Dewey 1st half of his article focuses on the idea experience, which he defines as those situations or episodes. He says there is no stopping of an experience, only pauses. The theoretic formulation of the process connects our experience to a human cognition. An experience can be efficient in action so much that the human is not conscience of the experience.  Involuntary or propriocentric. He states these as overdoings.  An experience can be theoretical or esthetic which he defines as appreciative, perceiving, and enjoying.  It denotes the consumer’s rather than the producer’s standpoint.

Experience is unique

Experience as emotional:


Emotional event as opposed to shock. I was very interested in this aspect of his writing as it pertains to my work.  The first film that I directed last fall is a short thriller where I designed the set, costume, and the performance to enhance a feeling of panic or terror, This film is the first of a series of five films the first film being the opener to the audiences emotions.  I felt that fear could allow for this opening in using both shock as well as memory triggers.  Dewey states that the emotional event is different than shock and that “ the jump of fright becomes emotional fear when there is found or thought to exist a threatening object that must be dealt with or escaped from. “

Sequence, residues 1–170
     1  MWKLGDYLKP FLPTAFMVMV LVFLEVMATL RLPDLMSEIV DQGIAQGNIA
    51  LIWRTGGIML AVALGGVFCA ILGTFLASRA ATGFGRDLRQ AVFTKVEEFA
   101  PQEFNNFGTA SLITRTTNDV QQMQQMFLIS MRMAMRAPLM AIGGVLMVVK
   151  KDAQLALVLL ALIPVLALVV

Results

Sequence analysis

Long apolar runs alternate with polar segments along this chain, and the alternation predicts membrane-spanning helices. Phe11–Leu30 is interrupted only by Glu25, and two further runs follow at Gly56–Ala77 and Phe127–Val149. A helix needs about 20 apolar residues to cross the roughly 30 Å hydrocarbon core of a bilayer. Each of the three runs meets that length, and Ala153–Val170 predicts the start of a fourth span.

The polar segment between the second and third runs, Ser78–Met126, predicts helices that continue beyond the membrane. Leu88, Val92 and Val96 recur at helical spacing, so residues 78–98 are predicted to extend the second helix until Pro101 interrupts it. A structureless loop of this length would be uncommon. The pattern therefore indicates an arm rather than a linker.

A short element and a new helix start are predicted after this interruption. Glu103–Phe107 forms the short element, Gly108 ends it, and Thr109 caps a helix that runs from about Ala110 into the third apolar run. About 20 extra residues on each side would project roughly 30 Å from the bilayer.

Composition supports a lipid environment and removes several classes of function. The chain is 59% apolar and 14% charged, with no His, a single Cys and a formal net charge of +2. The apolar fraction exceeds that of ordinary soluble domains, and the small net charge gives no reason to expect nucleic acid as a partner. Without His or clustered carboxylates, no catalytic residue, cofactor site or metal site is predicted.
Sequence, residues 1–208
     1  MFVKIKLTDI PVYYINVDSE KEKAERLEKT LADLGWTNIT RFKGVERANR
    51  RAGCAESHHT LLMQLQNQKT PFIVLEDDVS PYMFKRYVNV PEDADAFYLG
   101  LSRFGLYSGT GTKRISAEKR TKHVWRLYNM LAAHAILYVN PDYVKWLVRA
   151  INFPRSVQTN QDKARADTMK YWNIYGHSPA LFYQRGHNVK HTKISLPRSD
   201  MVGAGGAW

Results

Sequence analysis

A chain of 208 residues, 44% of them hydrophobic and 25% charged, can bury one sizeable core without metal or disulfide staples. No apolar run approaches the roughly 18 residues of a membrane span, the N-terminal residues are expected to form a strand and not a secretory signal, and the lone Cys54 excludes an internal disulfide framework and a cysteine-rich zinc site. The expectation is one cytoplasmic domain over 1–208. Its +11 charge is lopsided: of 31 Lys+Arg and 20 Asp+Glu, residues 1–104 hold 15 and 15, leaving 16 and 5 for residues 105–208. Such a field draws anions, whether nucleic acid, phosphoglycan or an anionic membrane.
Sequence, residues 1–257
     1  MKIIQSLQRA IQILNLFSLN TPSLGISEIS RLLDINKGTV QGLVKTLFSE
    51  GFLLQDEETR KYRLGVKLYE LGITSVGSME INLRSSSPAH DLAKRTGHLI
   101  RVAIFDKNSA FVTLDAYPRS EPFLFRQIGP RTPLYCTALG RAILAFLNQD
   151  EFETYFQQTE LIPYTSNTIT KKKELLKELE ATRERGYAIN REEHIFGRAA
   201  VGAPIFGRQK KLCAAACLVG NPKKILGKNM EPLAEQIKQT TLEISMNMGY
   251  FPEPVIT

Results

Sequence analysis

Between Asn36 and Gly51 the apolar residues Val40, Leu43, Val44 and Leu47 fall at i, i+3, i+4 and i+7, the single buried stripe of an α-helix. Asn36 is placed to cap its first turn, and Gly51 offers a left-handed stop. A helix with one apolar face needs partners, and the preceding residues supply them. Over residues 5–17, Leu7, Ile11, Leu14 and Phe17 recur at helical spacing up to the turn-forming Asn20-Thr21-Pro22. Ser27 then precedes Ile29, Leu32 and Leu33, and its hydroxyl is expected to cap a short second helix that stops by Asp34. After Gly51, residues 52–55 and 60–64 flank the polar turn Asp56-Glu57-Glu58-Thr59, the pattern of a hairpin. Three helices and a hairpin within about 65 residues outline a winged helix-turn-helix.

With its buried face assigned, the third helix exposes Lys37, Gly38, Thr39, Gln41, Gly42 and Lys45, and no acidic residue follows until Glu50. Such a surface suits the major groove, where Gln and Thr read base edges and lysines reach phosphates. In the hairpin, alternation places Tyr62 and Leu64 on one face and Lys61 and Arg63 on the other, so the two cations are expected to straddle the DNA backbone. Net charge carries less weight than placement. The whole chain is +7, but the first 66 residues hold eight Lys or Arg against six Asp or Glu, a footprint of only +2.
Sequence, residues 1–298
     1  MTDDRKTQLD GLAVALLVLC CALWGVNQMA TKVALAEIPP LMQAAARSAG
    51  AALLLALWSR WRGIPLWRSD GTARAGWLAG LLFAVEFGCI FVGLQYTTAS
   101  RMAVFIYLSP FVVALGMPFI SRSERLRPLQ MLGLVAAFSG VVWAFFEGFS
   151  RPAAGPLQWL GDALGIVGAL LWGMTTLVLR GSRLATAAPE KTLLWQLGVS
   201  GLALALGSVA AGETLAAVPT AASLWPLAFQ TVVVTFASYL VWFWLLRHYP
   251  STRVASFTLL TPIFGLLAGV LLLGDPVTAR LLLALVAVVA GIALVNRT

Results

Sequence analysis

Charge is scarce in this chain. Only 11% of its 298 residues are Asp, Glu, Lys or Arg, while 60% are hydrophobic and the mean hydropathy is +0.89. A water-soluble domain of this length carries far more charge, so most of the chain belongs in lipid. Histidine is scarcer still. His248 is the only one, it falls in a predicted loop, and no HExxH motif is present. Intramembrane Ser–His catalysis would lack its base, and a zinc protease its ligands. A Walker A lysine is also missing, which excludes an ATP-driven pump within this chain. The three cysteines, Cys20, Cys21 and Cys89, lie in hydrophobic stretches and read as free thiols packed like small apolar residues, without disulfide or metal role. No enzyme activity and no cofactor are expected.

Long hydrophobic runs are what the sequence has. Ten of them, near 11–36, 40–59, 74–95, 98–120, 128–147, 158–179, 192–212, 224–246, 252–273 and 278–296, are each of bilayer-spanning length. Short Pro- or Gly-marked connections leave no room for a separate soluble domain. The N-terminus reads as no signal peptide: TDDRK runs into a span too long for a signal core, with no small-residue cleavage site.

NOTES-blc "Persuade Into What..." (Fallman) — Borgmann overview

Fallman, Daniel (2007). “Persuade Into What? Why Human-Computer Interaction Needs a Philosophy of Technology.” In Lecture Notes in Computer Science.” 4744/2007, pp 295-306.

2.2   Borgmann’s Focal Things and Practices

Borgmann is Heideggerian/dystopian/romantic (rather than pragmatic/Deweyian)

“Borgmann suggests that we need to be cautious and rethink the [engineering-like, design-oriented, “usefulness”] relationship—and the often assumed correspondence—between what we consider as useful and what we think of as good in terms of technology” …(Fallman quoting Borgmann:) “One the one hand, ambulances save lives and so are eminently useful; on the other hand, cars save us bodily exertion and the annoyances of fellow pedestrians or passengers and are thus, at least in part, a threat to the goods of community and our physical health in the form of exercise” [14, p. 21].

“This junction between the useful and the good—that some technologies may be both useful and good, while some technologies that are useful for some purposes might also be harmful, less good, in a broader context—is at the heart of Borgmann’s understanding of technology.”

Focal things are signified by “Commanding presence, continuity with the world and centering power”; 


e.g. a hearth, which aside from its functional relation as heating and/or cooking, maintains cultural and symbolic focus as a “natural gathering point around which most activities were either centered or in some way related to.”

Commanding presence puts demands on us, entrains “patience, endurance, skill…resoluteness”

Continuity with the world— it “connects us with other activities”; (Fallman quoting Borgmann:) “a focal thing is not an isolated entity; it exists as a material center in a complicated network of human relationships and relationships to its natural and cultural setting” [14, p. 23]